Literally "extinction" and/or "extinguishing", is the culmination of the yogi's pursuit of liberation. Nirvana (Sanskrit, also nirvāṇa; Pali: nibbana, nibbāna ) is the earliest and most common term used to describe the goal of the Buddhist path. The term is ambiguous, and has several meanings. The literal meaning is "blowing out" or "quenching."
Hinduism uses the word nirvana to describe the state of moksha, roughly equivalent to heaven. In Hindu philosophy, it is the union with Brahman, the divine ground of existence, and the experience of blissful egolessness.
In Indian religions, the attainment of nirvana is moksha, liberation from samsara, the repeating cycle of birth, life and death.
Example video: Thích Nhất Hạnh discusses the Buddhist concept of Nirvana, fear, mindfulness and more in this short clip.
Example via www.mindpodnetwork.com: Nirvana & Buddhism
Extinction or extinguishing; ultimate enlightenment in the Buddhist tradition. In the Buddhist context nirvana refers to the imperturbable stillness of mind after the fires of desire, aversion, and delusion have been finally extinguished. This term has commonly been interpreted as the extinction of the "three fires", or "three poisons", passion, (raga), aversion (dvesha) and ignorance (moha or avidyā). When these fires are extinguished, release from the cycle of rebirth (saṃsāra) is attained.
In time, with the development of Buddhist doctrine, other interpretations were given, such as the absence of the weaving (vana) of activity of the mind, the elimination of desire, and escape from the woods, cq. the five skandhas or aggregates.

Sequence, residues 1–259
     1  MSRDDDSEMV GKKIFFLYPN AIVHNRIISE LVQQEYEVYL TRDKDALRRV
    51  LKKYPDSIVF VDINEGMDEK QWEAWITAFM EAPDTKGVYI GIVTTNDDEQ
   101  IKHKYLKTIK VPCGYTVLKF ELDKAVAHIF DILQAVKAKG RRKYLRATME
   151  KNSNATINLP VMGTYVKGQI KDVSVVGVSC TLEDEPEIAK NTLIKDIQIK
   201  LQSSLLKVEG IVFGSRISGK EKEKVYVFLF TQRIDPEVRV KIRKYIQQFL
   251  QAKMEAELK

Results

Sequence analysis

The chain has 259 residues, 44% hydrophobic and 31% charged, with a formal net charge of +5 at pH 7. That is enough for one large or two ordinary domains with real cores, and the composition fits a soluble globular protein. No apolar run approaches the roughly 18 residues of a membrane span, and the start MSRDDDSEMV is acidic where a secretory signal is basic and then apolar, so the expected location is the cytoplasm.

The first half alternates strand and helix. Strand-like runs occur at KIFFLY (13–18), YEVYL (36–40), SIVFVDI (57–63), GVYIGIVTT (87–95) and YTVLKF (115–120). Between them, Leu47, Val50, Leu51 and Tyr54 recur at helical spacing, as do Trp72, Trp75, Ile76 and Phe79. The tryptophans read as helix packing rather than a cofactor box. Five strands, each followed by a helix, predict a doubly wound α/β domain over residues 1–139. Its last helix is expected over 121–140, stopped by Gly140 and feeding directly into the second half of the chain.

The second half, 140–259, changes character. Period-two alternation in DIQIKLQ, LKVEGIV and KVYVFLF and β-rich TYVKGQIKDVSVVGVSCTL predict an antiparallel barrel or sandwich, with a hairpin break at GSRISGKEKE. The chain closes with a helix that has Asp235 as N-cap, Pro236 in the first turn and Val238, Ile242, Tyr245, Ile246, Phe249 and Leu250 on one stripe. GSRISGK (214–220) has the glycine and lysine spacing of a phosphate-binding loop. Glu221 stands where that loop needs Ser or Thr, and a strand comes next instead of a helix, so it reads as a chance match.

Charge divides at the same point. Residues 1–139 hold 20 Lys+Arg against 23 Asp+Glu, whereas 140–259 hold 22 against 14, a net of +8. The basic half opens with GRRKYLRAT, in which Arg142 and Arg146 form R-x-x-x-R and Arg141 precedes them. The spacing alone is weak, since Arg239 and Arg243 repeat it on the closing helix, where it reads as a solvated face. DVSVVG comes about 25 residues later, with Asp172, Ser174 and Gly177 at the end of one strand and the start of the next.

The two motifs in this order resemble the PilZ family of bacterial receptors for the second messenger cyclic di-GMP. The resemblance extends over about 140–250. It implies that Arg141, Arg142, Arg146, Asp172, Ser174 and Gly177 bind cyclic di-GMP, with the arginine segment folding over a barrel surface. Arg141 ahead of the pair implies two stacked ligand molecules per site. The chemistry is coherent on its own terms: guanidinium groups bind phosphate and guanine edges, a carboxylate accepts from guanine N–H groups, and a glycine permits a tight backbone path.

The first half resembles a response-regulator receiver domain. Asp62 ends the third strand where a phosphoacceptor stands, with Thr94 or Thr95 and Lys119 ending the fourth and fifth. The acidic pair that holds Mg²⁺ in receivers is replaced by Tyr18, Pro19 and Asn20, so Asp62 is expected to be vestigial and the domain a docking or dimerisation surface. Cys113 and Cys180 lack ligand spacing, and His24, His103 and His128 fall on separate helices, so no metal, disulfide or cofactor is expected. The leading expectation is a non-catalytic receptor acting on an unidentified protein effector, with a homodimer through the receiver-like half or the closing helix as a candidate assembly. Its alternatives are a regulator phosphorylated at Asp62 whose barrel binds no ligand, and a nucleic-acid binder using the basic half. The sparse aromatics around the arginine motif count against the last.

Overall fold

Buddhist tradition distinguishes between nirvana in this lifetime and nirvana after death. In "nirvana-in-this-lifetime" physical life continues, but with a state of mind that is free from negative mental states, peaceful, happy, and non-reactive. With "nirvana-after-death", paranirvana, the last remains of physical life vanish, and no further rebirth takes place.
Nirvana is the highest aim of the Theravada-tradition. In the Mahayana tradition, the highest goal is Buddhahood, in which there is no abiding in Nirvana, but a Buddha re-enters the world to work for the salvation of all sentient beings.
Although "non-self" and "impermanence" are accepted doctrines within most Buddhist schools, the teachings on nirvana reflect a strand of thought in which nirvana is seen as a transcendental, "deathless" realm, in which there is no time and no "re-death." This strand of thought may reflect pre-Buddhist influences, and has survived especially in Mahayana-Buddhism and the idea of the Buddha-nature.